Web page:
The fungus Fusarium oxysporum can cause its loss.
People around the world eat more than 100 billion bananas every year. The majority of consumption is associated with the variety called Cavendish. But maybe not for long, she says origo.hu.
Farms are in danger – Image: pixabay.com
Cavendish bananas are expected to disappear from farms due to a fungal disease, and here is why Scientists are now trying to genetically engineer the fruit Modified to make it more resistant to disease.
Growing bananas is a somewhat reckless practice by relying on only one variety. Therefore, according to experts, the best solution to this problem would be If farmers radically change the cultivation of the most popular southern fruit and abandon the method of relying on one variety for the success of the entire cultivation.
Although there are more than a thousand types of bananas, Approximately 47 percent of the bananas we eat are Cavendish bananas (Musa Munif variant of a variety). It is resistant to some “diseases that kill bananas”, has a long shelf life, and can usually grow more Cavendish bananas on the same amount of land than if farmers were dealing with other varieties.
However, the Cavendish is threatened by the Fusarium fungus, the damage caused by which is referred to worldwide as Panama disease or TR4 infection.
the Fusarium oxysporum Mushrooms live in the ground, It attacks the banana root and prevents it from absorbing water and other nutrients from the soil. Various insecticides have proven ineffective against it, as its spores remain viable in the ground for up to 40 years. This practically means that if an infection sets in, bananas cannot grow again for the foreseeable future.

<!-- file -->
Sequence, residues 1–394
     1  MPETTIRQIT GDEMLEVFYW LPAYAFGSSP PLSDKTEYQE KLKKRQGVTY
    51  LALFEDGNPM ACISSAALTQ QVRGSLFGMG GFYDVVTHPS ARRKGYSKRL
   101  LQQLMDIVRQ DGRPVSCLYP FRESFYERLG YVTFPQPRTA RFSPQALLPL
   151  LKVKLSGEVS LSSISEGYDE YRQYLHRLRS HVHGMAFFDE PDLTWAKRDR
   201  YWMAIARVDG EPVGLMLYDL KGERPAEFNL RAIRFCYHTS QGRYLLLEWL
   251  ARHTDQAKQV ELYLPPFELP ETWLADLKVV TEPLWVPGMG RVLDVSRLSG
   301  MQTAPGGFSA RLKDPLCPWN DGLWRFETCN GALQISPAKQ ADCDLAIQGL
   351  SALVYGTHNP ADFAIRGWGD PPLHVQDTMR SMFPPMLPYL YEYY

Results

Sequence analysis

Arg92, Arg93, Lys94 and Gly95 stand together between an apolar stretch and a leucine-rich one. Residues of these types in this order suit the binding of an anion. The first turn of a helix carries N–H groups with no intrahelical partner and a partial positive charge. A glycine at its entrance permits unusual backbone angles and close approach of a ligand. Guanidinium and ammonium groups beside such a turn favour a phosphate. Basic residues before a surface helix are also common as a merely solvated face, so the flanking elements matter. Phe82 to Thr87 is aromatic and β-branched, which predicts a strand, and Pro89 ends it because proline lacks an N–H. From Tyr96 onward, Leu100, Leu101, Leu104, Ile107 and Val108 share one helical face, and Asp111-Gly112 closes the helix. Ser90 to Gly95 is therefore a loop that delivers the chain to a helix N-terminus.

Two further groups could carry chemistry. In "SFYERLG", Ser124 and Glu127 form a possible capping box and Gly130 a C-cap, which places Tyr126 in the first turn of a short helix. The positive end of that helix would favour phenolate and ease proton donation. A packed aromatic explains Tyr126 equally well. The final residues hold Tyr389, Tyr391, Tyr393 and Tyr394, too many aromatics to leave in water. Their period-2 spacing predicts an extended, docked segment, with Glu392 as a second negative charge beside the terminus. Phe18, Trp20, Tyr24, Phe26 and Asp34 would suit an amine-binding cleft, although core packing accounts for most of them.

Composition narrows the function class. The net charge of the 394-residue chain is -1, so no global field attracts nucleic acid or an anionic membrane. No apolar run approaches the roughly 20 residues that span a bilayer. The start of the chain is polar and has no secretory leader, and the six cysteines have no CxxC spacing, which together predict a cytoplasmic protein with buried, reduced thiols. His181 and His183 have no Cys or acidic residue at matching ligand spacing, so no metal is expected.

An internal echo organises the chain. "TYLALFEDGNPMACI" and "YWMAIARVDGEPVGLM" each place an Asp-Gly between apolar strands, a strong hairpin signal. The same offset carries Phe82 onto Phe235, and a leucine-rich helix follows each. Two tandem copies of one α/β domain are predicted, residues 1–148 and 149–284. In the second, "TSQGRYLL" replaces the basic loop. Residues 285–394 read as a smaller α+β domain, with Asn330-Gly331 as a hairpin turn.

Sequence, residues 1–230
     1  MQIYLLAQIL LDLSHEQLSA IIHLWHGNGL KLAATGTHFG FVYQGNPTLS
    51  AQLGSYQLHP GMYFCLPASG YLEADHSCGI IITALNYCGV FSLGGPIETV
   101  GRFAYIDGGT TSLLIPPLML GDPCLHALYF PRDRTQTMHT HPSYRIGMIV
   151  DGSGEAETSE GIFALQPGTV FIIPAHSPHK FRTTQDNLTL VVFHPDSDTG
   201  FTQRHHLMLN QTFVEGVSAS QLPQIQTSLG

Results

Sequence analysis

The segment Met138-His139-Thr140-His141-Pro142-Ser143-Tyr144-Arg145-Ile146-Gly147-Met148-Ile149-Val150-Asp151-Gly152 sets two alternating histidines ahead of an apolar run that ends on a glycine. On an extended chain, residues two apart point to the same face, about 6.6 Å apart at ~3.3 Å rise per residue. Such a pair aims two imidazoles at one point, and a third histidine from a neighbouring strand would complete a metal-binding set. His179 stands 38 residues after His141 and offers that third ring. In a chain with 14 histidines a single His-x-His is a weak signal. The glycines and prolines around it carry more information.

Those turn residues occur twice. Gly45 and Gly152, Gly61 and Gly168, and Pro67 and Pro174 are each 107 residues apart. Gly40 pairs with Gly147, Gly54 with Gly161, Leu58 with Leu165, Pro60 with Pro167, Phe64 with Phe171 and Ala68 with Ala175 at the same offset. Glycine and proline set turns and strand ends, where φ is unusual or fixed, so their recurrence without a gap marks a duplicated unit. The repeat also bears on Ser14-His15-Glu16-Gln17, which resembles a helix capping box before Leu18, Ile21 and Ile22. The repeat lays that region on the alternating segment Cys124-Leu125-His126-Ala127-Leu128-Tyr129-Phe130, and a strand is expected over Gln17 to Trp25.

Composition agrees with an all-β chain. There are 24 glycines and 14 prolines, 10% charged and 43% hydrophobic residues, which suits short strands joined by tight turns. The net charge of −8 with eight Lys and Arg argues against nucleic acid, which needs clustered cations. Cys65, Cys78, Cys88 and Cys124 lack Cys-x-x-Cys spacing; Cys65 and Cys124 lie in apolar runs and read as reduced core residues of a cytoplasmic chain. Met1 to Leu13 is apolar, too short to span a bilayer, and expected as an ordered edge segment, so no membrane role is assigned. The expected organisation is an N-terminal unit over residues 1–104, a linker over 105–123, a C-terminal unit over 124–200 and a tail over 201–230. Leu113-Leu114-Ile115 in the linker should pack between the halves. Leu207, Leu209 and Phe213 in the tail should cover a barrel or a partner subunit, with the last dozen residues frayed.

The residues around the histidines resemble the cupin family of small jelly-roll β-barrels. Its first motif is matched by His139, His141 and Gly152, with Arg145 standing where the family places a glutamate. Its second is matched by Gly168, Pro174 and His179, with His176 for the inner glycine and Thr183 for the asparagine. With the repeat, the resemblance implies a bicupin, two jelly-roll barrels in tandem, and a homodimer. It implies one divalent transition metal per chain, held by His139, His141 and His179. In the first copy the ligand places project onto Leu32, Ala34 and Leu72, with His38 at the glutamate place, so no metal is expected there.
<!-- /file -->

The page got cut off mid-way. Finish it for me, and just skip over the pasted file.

Although there are more than a thousand types of bananas, approximately 47 percent of the bananas we eat are Cavendish bananas – Image: pixabay.com
What’s happening now with the cavendish banana world You may have tried it before With Gros Michel who It was also a popular type of banana in its time. From the 1950s Instead of Gros Michel Cavendish became the leading export banana because it was immune to TR1.
In 1997, scientists discovered a new strain (TR4) near Darwin, Australia, which was actually capable of infecting Cavendish. By 2015, the disease had spread to farms in Queensland, Australia’s largest banana-producing state, and then appeared in India and China, two of the world’s largest banana producers. It has also appeared in the Middle East, Africa and South America.
According to plant pathologists, the Cavendish banana cannot suffer the same fate as the Gros Michel banana. We still have at least a decade before the impact becomes drastic. Therefore, researchers are trying to find a solution to the problem by developing a genetically modified Cavendish, QCAV-4, which they say is resistant to TR4. Another research group is studying vaccination as an effective alternative, and some form of natural selection may also be a way out.
Researchers are trying to find a solution to the problem – Image: pixabay.com
However, according to some banana experts, these solutions do not work in the long term. The only possible response is to eliminate monoculture. The real solution is to produce and sell more than one type of banana collectively, due to genetics The more diverse your bananas are, the less susceptible to disease they are.